We just saw a high school performance of Rogers and Hammerstein’s Oklahoma, and I was surprised at how much darker it was than I remembered. Aside from the cynical humor of the Ado Annie subplot, the story of the brooding, uncouth Jud is really disturbing. He’s scorned for hiding away in his lonely smokehouse with his dirty pictures, but it’s really unclear how much of this is his fault; do people really treat him like dirt, because he’s the lowly hired hand, or is he just imagining it? My husband pointed out that he’s not the only one to enjoy dirty pictures or lust after women–Will shows all the cowboys his special picture tube, and even Aunt Eller joins in–but for some reason everyone except Jud is excused because they’re funny, or they’re just boys being boys.
And when Ali Hakim offers him new pictures to assuage his loneliness, basically telling him “marriage is boring–stick with your porn”–Jud refuses and sings the hearbreaking song “Lonely Room.”
I set by myself
Like a cobweb on a shelf,
By myself in a lonely room.
…a dream starts a-dancin’ in my head.
And all the things that I wish fer
Turn out like I want them to be,
And I’m better than that smart aleck cowhand
Who thinks he is better’n me!
And the girl I want
Ain’t afraid of my arms
And her own soft arms keep me warm.
He ends by rejecting the temptation of the pornography and resolving to turn his longing into action and get a real woman of his own. I guess they cut this song out of the movie version, so I had never heard it before. To my mind, it makes him a lot more sympathetic.
Later on, when he tries to kill Curly with the hidden knife in the picture tube, I was struck by the fact that the pornographic pictures are used as a symbol of evil and death. I usually try to not over-analyze movies and books and see symbolism where there isn’t any, but the more I think about it, the more I’m sure that there is a lot of symbolic undertext in Oklahoma. During Laurey’s dream sequence, there’s a jarring moment when the theme “Kansas City” unexpectedly shows up, introducing a cynical note into Laurey’s idealistic ideas of romance. And then! “I’m Just a Girl Who Can’t Say No” begins playing when Laurey suddenly finds herself dancing with Jud. I think they were trying to show that Laurie has more in common with Ado Annie than she would like to admit. Annie’s a victim of her own desires and weakness, as well as of the men who take advantage of her, but Laurey coldly takes advantage of Jud, using him as a pawn in her game to get Curly–even though she knows Jud is in love with her. Because of this she’s partially responsible for everything that happens afterwards, I think.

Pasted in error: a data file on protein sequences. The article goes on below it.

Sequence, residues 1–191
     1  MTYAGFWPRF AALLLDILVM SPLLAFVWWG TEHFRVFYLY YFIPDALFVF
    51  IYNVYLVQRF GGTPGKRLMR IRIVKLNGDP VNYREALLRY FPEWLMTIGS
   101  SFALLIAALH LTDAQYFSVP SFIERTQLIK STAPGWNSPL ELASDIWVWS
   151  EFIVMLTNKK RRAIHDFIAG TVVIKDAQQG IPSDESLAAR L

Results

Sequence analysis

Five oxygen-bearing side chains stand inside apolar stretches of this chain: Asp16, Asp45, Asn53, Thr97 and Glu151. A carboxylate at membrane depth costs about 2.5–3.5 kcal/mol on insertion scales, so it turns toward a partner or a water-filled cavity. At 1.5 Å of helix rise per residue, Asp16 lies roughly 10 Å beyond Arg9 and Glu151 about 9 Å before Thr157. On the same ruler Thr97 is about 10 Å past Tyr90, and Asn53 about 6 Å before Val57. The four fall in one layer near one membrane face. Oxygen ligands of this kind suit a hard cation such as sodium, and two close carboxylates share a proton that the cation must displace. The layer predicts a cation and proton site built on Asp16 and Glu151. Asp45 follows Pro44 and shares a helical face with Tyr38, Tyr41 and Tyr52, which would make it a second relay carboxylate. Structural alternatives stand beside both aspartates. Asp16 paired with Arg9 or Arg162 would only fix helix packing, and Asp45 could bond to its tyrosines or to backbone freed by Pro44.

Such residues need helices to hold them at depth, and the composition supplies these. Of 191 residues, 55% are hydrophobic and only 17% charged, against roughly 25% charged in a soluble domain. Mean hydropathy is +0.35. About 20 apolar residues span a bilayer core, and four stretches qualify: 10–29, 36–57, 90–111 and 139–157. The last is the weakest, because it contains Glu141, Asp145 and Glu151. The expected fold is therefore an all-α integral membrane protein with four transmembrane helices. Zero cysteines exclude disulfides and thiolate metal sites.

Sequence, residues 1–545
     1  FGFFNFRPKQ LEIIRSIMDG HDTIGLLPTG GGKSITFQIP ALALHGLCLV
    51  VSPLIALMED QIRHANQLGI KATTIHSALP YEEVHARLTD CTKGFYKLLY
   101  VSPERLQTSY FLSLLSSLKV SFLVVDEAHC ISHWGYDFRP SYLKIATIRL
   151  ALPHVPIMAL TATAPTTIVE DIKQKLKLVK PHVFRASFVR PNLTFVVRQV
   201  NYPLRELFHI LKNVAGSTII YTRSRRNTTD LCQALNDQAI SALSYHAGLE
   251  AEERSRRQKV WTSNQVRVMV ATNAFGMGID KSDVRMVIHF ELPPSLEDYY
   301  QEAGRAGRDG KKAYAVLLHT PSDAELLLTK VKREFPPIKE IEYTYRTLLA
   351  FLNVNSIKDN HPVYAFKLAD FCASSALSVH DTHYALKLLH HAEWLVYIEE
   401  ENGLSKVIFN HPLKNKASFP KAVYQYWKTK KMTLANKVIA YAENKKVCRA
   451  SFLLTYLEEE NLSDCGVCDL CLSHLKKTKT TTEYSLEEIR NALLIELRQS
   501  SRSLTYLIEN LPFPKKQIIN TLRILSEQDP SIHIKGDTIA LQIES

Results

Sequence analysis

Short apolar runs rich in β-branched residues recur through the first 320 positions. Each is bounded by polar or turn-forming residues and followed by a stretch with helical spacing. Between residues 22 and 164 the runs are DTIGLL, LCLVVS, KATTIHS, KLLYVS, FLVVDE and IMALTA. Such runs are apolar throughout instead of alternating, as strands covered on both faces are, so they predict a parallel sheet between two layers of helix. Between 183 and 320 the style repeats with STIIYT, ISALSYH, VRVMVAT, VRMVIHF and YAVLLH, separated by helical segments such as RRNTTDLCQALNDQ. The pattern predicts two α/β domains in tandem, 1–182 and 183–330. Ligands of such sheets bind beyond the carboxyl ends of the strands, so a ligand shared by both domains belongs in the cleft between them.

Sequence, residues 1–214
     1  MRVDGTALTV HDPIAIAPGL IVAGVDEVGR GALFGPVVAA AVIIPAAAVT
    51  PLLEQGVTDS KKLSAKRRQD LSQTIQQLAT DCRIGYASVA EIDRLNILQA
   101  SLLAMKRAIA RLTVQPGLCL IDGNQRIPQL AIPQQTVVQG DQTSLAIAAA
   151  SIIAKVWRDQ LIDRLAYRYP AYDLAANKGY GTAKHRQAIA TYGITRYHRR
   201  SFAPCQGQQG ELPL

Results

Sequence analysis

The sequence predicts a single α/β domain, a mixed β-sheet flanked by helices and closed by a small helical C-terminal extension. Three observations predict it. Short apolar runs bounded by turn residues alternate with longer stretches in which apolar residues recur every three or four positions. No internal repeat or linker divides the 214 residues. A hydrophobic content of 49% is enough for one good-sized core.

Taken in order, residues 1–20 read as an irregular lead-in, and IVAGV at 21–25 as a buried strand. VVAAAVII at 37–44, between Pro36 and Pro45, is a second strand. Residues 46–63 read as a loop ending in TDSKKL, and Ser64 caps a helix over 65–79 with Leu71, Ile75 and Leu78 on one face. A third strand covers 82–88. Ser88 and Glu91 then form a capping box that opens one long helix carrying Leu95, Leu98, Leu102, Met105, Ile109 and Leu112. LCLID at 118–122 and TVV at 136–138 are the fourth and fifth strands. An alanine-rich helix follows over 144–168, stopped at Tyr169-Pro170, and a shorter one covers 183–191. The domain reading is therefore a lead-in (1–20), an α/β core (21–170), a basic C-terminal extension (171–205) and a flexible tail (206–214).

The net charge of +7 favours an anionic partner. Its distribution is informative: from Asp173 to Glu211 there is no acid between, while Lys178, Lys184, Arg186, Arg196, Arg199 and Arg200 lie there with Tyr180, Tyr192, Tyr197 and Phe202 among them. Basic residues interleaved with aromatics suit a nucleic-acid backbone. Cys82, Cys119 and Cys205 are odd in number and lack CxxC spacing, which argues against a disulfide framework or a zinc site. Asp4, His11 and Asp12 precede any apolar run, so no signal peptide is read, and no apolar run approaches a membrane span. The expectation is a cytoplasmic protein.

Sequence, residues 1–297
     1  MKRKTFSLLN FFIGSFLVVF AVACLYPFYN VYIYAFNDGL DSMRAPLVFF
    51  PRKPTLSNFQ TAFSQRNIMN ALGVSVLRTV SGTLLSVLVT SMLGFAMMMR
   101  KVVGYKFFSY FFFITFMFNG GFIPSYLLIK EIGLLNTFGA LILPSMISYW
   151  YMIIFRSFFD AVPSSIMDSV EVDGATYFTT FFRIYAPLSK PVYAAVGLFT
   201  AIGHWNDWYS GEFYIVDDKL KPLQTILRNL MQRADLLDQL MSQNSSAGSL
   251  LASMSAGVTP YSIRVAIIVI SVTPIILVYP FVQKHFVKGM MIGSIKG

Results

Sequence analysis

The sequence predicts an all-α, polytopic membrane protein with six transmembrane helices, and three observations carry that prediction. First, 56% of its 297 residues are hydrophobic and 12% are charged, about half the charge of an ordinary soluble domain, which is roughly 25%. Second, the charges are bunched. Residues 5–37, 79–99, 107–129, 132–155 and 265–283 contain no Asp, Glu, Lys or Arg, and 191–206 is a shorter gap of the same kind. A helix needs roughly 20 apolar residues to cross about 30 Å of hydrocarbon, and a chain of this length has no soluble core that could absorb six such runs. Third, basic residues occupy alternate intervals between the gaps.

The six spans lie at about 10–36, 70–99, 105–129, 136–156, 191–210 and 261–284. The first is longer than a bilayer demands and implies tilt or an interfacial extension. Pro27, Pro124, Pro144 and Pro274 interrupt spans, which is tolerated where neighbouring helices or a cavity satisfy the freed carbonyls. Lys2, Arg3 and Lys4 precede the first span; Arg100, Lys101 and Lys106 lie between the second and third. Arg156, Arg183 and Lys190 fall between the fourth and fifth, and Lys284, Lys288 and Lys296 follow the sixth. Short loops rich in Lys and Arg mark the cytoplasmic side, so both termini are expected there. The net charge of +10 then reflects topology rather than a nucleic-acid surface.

What’s disappointing is that this theme is introduced but not really followed through. Laurey continues to be self-absorbed, teasing and humiliating Curley till the very end, and even complaining that Jud’s death is ruining her honeymoon; but she gets her happy ending all the same. Similarly, Will Parker, even though he’s presented in an unpleasant light with his story of the burlesque in Kansas City, succeeds in demanding Ado Annie’s completely fidelity. She complains that he is asking for a double standard–fidelity from her, but completely freedom for him–but he never reassures her that his roaming days are over too. Instead he calms her down by kissing her, which seems to be the moral of the whole show: sex solves everything. It reminds me of something my mother told me about growing up in the 50’s, when everything was outwardly wholesome and decent, but in reality anything was allowed as long as you maintained the appearance of chastity. As long as you technically stayed a virgin, you were allowed to “go about as fer as you could could go.”
I still can’t decide whether Rogers and Hammerstein meant to introduce these themes, but didn’t follow through on them in order to preserve the happy ending, or whether they really didn’t see how degenerate all their wholesome characters were. It’s still an enjoyable show all around, but I had a much harder time laughing at the jokes this time.